A DOCTOR is so passionate about blood testing leaving Essex he has vowed to stand in front of a van taking samples elsewhere.

Westcliff GP Dr Marimuthu Velmurugan, known as Dr Vel, has joined an ever increasing number of health experts who are angry at the decision to move analysis of blood and other pathology samples to Bedford.

SIGN THE ECHO PETITION HERE http://epetitions.direct.gov.uk/petitions/43260?ref=fetp

NHS Midlands and East have named Bedford and a consortium of other hospitals as its preferred choice after a bidding process which saw both Basildon and Southend hospitals lose out.

Dr Vel, who is also a Southend councillor, said: “This is most outrageous. It is action taken by a top down administration by any Tom, Dick and Harry at the SHA (strategic health authority) who haven’t got a clue.

“I’m definitely supporting the Echo’s campaign.

“If I have a patient who needs a blood test becuase I want to know if she has a blood clot rather than just flu or a bruise I want that done locally as it’s done within two hours and then I have results and can take action.

“I don’t want to see it being driven two hours away. I will stand in front of the van and they can run me over before I see any blood leave this town.”

Other GPs are also backing the campaign.

Dr Rana Sharma, Practice manager at Matching Green surgery, Basildon, said she was opposed to the plans.

”I think all GPs are opposed as it takes away a local service for patients. This process is far too lengthy. The doctors aren’t happy .“

Dr Haroon Siddique, of Southend Medical Centre, said: “We remain concerned as GPs but we do feel a bit more reassured that the CCG is reviewing and carefully examining the situation to make sure the planned move will be robust and safe for our patients.”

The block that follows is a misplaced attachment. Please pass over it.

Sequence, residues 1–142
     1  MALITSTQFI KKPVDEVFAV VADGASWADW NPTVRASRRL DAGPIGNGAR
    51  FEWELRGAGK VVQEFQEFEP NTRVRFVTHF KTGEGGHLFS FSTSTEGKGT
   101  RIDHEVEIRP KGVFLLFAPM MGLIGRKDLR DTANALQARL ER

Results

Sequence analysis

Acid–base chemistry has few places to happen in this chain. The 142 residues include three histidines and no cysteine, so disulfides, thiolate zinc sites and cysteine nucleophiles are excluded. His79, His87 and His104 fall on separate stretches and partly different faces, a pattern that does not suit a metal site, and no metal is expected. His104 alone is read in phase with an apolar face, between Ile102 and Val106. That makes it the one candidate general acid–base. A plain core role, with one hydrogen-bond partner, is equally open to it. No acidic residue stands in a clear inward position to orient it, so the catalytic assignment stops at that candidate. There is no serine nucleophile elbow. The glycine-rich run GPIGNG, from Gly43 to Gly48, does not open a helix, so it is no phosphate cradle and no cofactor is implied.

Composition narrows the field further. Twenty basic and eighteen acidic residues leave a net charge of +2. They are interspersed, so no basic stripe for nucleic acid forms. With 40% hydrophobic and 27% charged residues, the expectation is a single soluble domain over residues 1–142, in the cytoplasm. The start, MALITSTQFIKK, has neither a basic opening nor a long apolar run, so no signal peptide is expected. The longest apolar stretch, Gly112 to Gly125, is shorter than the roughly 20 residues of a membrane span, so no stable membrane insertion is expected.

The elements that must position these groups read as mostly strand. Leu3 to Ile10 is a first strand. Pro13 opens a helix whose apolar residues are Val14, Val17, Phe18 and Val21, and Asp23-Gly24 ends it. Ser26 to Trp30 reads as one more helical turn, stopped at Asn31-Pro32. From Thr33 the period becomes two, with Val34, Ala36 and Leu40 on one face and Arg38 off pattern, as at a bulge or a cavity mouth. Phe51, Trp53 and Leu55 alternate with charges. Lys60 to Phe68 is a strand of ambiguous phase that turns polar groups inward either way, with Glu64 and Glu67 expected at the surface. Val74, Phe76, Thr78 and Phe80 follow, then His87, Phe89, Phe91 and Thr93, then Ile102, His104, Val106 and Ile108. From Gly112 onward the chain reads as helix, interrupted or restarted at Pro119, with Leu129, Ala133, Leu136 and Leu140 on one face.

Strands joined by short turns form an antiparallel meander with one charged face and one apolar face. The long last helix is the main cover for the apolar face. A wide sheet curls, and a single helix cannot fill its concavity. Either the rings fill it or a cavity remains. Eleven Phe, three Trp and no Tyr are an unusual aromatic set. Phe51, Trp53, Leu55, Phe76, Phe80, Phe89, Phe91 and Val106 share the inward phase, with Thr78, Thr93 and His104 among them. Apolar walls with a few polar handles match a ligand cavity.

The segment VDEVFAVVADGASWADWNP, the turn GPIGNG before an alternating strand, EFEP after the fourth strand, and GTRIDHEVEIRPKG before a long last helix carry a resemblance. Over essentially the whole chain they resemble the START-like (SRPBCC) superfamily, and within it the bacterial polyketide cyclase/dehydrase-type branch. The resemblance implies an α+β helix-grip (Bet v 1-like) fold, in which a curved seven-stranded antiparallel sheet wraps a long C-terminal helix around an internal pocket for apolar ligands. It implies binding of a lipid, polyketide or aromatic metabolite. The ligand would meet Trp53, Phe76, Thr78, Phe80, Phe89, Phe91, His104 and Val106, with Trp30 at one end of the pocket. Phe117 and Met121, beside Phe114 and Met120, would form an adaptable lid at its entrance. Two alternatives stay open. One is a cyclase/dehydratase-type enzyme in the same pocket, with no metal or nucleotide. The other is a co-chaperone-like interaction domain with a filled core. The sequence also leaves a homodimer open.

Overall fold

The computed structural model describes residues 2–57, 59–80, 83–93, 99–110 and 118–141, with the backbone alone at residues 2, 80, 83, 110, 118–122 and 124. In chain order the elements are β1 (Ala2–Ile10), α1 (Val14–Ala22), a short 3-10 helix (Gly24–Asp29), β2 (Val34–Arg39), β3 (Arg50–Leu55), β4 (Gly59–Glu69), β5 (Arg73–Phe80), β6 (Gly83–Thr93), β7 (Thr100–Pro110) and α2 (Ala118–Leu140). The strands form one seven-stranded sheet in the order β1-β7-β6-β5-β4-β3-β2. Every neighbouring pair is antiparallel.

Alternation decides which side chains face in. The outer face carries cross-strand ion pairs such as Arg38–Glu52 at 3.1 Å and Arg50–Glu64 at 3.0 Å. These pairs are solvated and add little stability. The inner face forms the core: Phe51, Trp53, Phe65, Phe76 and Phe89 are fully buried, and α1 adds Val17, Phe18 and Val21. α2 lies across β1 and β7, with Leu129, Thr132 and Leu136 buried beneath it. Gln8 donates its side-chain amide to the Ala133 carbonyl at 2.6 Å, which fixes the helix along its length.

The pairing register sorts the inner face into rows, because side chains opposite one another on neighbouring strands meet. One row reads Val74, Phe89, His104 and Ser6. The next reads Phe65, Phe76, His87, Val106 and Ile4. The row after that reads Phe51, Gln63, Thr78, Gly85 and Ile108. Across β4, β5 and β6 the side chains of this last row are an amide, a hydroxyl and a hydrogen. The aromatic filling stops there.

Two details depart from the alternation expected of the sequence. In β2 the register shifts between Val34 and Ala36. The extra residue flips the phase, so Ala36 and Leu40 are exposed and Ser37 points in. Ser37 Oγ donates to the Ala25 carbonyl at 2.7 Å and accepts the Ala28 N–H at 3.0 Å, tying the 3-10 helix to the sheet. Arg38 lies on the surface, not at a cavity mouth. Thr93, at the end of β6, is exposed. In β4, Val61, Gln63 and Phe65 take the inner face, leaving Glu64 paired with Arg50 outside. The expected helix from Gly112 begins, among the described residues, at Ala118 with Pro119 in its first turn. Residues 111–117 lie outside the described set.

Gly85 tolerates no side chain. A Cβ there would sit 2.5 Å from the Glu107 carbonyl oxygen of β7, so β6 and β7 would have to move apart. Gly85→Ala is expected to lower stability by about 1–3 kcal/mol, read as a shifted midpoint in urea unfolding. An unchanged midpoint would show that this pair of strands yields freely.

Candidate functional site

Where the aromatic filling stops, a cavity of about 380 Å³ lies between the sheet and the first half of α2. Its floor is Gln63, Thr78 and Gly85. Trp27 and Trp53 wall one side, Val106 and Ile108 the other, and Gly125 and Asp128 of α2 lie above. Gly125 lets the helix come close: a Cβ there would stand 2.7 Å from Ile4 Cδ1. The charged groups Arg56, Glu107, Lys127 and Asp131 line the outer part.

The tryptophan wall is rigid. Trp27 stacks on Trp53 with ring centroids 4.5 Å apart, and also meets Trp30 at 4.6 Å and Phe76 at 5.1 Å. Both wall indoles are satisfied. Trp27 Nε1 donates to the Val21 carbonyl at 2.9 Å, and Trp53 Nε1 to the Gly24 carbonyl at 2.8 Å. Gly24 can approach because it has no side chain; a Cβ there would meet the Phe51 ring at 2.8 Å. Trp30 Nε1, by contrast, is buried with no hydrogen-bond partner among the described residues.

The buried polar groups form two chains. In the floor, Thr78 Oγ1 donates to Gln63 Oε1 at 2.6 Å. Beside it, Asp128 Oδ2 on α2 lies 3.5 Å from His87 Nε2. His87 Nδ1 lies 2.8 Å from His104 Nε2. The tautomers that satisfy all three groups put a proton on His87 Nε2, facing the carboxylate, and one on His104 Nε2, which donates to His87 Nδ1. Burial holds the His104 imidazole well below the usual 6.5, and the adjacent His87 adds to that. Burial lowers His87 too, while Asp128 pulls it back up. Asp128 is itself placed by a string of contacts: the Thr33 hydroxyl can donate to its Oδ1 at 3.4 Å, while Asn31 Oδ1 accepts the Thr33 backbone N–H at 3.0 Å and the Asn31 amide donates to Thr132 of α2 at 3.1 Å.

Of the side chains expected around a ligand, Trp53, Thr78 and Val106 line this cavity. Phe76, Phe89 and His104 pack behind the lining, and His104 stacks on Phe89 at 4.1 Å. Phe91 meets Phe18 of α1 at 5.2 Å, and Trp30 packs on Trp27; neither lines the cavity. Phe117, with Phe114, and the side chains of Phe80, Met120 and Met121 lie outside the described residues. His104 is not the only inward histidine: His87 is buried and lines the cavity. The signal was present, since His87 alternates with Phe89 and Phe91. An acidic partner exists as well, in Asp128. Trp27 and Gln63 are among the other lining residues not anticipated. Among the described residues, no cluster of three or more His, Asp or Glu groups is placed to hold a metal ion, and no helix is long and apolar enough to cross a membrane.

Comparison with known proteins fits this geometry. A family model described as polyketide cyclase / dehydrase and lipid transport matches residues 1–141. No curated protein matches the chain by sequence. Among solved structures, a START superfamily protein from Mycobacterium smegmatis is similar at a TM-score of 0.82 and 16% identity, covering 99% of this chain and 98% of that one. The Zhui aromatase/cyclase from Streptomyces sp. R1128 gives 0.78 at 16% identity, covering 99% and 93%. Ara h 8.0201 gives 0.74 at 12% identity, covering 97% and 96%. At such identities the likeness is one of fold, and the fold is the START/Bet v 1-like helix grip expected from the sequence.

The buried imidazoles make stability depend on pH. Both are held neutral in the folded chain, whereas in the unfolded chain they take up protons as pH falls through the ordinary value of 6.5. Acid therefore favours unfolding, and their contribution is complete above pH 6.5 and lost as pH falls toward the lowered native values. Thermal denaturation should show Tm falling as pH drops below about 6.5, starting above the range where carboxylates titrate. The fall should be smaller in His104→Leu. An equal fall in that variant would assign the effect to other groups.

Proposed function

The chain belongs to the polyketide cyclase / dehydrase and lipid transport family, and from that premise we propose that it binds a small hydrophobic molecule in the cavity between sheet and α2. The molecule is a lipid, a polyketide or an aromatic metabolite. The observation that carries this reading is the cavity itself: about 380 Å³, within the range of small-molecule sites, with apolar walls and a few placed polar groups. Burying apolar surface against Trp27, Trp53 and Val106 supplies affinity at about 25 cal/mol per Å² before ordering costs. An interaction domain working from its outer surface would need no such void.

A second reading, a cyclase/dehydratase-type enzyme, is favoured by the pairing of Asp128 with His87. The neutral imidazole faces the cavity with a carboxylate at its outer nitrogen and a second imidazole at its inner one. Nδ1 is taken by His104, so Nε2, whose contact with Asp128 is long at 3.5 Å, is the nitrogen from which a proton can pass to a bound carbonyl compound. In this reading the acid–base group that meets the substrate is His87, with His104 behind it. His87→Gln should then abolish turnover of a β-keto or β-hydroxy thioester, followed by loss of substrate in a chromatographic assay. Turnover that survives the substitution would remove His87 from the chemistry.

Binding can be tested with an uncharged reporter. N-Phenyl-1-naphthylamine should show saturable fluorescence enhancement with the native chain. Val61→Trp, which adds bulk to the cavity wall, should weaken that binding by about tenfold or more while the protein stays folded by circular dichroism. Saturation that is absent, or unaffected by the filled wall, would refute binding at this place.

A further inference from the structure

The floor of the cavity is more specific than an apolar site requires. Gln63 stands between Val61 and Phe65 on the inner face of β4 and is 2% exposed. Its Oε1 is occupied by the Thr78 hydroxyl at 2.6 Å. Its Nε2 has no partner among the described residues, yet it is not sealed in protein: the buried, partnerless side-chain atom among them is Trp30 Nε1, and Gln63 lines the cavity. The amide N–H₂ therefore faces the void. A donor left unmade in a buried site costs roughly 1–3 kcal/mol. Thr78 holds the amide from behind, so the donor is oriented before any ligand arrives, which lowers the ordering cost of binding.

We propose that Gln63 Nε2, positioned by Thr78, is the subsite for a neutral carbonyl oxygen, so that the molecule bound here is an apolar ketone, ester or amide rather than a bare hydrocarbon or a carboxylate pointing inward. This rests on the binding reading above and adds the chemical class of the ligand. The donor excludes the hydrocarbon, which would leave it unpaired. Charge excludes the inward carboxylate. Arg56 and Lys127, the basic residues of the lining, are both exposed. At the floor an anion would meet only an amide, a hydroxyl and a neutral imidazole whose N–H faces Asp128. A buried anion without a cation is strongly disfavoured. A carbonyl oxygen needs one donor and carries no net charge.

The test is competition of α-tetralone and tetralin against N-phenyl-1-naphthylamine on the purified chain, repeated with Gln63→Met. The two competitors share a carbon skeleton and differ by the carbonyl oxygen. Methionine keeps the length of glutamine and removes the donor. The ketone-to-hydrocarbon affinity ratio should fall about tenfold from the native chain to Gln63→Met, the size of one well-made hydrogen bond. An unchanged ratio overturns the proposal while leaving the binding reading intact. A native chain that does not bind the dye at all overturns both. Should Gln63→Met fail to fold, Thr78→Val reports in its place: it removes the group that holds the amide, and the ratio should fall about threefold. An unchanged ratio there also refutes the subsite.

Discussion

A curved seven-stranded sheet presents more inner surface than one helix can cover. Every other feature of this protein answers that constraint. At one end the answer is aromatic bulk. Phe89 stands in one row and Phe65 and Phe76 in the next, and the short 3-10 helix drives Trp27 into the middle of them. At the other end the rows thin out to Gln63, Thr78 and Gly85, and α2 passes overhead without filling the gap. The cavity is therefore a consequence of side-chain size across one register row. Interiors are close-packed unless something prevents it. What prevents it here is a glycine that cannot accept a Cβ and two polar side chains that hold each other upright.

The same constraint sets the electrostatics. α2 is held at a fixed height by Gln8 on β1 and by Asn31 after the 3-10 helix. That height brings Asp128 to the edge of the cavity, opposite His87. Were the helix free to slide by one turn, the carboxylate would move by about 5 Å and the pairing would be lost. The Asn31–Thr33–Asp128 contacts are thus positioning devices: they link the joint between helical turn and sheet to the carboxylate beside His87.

Dr Vel added: “There has been no consideration to people’s plight, this amounts to money. It has been done without consultation with GPs and is just not right.”

The ECHO is driving forward our campaign to keep blood testing local with the launch of a paper version of the petition.

We have listened to readers’ concerns about people with no access to the internet and not being able to add their support to the campaign which has attracted almost 2,000 online signatures.

The plan affects what health chiefs call non urgent pathology tests however some of the patients we’ve spoken to have had their lives saved by a fast turnaround of tests screened locally.

Barbara Williams, 73, was seen by her GP in Hockley after suffering with a stomach bug for several days.

She was asked to have a blood test to check for anything underlying. Her sample taken at 12pm was analysed that afternoon at Southend and by 6.30pm the doctor contacted her at home to go to hospital urgently.

Her husband Nick, 71, said: "The doctor rang us saying go straight to hospital he had the results and my wife needed urgent treatment. Her kidneys were failing."

Had the test been taken after the changes come in they would have been put in a van and driven up to Bedford. Mrs Williams made a full recovery.

Mr Williams, of Waxwell Road, Hullbridge, added: "It’s important people sign the petition. You never know when a test is urgent until its done and the results are back.”

The Echo’s online e-petition can be signed at http://epetitions.direct.gov.uk/petitions/43260